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Transcriptional and post-transcriptional regulation of gene expression in the osteoblast (V. Geoffroy, F. Jehan)

a. Regulation of bone formation by microRNA (V. Geoffroy)

The regulation of gene expression is the result of a combination of transcriptional and post-transcriptional events. We have recently identified a new alternative for the regulation of osteoblast differentiation that involves microRNA and we found that Runx2, the key factor of bone development, is central in this new regulatory mechanism. We have shown that miR-199b-5p and miR468 cooperate to regulate the early stages of osteoblast differentiation (Cabon et al, 2012). These results together with previously published data indicate that miR-199-5p is not only capable of regulating osteoblast differentiation in vitro but could also control bone mass accrual in vivo (Watanabe et al, 2008). The main purpose of this project is to further characterize the role of miR-199a/b family in vitro and in vivo, in physiological and in bone loss situations. Transgenic mice will be generated in which the miR-199b-5p will be expressed in osteoblasts in order to evaluate its potential anabolic effect on bone. The expression and regulation of miR-199b-5p will be evaluated in bone during aging, after ovariectomy, in osteoblasts as well as in other bone cells (osteocytes and osteoclasts). Its effect on osteoblast proliferation, differentiation and apoptosis will be explored. We expect miR-199a/b family to have a positive role on bone formation in vivo.

For this purpose, identification of the upstream regulators of miR-199a/b family genes and their downstream targets will be of great interest since in vivo modulation of miR-199a/b may have a potential therapeutic application. The identification and validation of miR-199b-5p target genes will be performed using gain and loss of function using in vitro approaches. We have some evidence of a modification of the activity of the Wnt/βcatenin pathway after over-expression of miR-199b-5p. Several potential target genes have been identified in silico that include several effectors of the Wnt/βcatenin pathway such as GSK3β and NLK. We also aim to determine how transcriptional and post-transcriptional regulations cooperate to control Runx2 expression in vitro and in vivo. It is likely that a combination of transcription factors (TFs) and microRNAs are involved in the cell-specific regulation of Runx2 gene expression. For this study, reporter plasmids and reporter mouse lines will have to be generated in order to follow: 1) the upstream regulation of Runx2, and 2) the regulation of Runx2 by microRNA. This combinatory approach might help to explain how Runx2 is turned on and off in one given precursor cell or in osteoblasts. This project is part of the breakthrough therapeutic approaches, involving the application of microRNAs in the therapeutic field. In particular, miR-199b-5p could have potential therapeutic benefits in bone loss associated pathology such as osteoporosis. In the future, miR-199b-5p could also be used in the development of novel miRNA-based strategies for bone reconstruction of bone defects.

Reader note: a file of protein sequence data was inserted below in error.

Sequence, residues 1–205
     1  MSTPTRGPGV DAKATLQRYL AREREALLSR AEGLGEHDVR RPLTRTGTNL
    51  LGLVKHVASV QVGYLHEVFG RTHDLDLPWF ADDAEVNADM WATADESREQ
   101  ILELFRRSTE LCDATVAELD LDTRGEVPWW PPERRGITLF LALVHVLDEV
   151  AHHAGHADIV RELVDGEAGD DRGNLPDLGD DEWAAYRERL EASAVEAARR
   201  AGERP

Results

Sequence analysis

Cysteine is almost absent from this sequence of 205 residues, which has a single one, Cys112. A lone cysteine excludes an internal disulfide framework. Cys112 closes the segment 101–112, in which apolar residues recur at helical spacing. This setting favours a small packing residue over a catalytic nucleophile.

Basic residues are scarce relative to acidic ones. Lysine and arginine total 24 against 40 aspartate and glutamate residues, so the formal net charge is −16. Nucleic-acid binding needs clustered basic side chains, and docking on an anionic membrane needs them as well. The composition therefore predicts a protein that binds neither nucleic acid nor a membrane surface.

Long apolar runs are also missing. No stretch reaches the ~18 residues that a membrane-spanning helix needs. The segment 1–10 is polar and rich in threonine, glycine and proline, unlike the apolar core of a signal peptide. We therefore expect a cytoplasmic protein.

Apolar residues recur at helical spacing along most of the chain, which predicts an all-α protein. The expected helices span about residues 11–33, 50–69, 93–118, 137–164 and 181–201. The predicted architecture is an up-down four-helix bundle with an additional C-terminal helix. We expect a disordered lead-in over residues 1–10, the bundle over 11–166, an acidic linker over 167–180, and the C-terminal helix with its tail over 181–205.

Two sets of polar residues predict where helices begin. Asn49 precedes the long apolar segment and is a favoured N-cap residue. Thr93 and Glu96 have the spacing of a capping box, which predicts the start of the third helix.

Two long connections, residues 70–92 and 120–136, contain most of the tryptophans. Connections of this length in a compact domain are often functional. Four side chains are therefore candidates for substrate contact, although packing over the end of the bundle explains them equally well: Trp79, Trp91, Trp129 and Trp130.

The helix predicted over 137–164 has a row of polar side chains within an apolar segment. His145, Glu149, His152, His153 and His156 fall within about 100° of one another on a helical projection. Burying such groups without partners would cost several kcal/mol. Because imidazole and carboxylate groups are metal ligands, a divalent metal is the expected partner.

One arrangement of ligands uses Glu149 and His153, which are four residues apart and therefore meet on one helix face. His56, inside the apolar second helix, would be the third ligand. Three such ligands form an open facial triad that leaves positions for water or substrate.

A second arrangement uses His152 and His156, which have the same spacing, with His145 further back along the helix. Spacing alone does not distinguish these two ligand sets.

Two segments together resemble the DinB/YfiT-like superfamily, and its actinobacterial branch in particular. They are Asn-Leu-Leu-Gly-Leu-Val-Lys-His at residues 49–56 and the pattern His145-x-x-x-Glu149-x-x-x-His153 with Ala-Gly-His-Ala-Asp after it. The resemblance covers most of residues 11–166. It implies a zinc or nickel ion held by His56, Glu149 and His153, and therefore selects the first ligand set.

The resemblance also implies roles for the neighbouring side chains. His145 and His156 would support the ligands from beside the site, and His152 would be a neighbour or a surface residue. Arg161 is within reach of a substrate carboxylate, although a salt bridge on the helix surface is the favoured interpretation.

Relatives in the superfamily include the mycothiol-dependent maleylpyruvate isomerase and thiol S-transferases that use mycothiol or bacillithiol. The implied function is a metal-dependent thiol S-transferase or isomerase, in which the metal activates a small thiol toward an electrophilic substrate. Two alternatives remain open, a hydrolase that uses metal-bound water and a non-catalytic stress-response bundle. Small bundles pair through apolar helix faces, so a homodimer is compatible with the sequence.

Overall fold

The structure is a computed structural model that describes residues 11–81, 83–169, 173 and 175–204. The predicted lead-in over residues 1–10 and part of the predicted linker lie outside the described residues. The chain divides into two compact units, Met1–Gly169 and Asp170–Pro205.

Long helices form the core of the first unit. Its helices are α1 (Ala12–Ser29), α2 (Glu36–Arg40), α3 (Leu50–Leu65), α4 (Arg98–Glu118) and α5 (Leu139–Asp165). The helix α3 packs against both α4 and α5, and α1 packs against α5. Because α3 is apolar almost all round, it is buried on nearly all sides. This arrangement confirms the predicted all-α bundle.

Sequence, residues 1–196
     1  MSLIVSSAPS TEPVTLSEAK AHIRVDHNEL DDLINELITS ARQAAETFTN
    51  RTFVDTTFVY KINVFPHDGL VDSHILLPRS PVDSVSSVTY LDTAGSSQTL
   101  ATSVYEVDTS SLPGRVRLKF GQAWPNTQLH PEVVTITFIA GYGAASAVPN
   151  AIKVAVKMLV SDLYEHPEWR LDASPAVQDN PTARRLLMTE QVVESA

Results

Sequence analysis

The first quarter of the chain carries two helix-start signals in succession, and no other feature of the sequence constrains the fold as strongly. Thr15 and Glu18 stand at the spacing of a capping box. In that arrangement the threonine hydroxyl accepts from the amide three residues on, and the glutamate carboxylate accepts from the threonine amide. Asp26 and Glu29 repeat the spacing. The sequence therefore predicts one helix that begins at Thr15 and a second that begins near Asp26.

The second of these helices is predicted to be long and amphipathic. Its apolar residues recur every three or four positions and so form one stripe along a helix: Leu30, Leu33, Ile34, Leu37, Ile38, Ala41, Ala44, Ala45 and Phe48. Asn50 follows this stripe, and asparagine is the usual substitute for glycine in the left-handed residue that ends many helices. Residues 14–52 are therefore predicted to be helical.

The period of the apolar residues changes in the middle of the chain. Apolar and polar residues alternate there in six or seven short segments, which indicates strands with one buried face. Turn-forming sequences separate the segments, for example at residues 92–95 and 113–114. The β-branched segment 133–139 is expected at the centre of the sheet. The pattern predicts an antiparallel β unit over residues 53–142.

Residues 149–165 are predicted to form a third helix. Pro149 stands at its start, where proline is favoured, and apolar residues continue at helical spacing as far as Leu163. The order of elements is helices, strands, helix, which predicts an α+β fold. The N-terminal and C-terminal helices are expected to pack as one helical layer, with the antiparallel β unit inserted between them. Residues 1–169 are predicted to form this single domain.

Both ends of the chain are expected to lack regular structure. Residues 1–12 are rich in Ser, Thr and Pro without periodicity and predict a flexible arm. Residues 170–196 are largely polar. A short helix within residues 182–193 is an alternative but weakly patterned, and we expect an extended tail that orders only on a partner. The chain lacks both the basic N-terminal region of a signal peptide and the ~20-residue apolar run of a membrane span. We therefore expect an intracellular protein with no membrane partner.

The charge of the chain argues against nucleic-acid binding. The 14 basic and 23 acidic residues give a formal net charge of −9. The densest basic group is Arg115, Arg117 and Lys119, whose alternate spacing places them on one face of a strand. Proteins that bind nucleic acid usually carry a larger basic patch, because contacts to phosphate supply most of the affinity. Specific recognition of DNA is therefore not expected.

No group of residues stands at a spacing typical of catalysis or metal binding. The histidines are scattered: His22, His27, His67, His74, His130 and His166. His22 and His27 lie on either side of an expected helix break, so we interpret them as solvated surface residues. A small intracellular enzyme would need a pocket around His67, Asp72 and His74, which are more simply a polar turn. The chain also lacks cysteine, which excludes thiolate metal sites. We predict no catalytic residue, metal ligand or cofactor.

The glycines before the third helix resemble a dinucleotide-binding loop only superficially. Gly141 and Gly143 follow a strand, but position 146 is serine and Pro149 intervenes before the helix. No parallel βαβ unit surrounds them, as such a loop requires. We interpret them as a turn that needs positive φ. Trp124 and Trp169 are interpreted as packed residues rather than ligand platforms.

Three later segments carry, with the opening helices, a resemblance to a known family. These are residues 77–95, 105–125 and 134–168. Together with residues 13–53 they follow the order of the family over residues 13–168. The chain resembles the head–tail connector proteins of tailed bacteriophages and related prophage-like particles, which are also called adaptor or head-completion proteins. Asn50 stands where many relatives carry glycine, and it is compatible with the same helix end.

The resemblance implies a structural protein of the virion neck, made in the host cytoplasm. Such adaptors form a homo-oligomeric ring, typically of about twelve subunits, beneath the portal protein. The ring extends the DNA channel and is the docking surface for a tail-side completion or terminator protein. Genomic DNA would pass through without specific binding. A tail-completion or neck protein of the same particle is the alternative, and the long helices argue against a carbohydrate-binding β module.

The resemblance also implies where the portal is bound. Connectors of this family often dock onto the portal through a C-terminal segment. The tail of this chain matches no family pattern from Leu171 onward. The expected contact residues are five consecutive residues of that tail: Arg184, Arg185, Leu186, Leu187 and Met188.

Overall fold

b. DNA methylation and gene expression (F. Jehan)

We intend to demonstrate that DNA methylation is an important regulator of gene expression in human bone. Methylation of DNA has been shown to control gene expression in physiological conditions (Kim et al., 2009), and is a regulator of important genes in bone metabolism including OPG and RANKL (Delgado-Calle et al., 2012a), SOST (Delgado-Calle et al., 2012b) and DKK1 (Kocemba et al., 2012).

We identified several methylated genes associated with changes in their expression in bone tissue: SOST and DKK1, key regulators of bone formation, and OPG and RANKL, genes that control bone remodeling. Using human osteoblastic cell lines and human bone samples, we will evaluate the impact of these changes in methylation on the dynamic structure of the promoter, i.e., changes in transcription factor binding and changes in the nucleosome structure and their impact on promoter activity.

Secondly, a combined analysis of DNA methylation and gene expression will be performed in order to identify other critical genes for which the differences in DNA methylation correlate with differences in gene expression. We will use the Infinium illumina array offering an ideal solution for genome-wide methylation profiling, to identify DNA methylation changes and to assess their relationship with changes in the expression of critical genes in human bone that will be quantified by microarray on the same samples.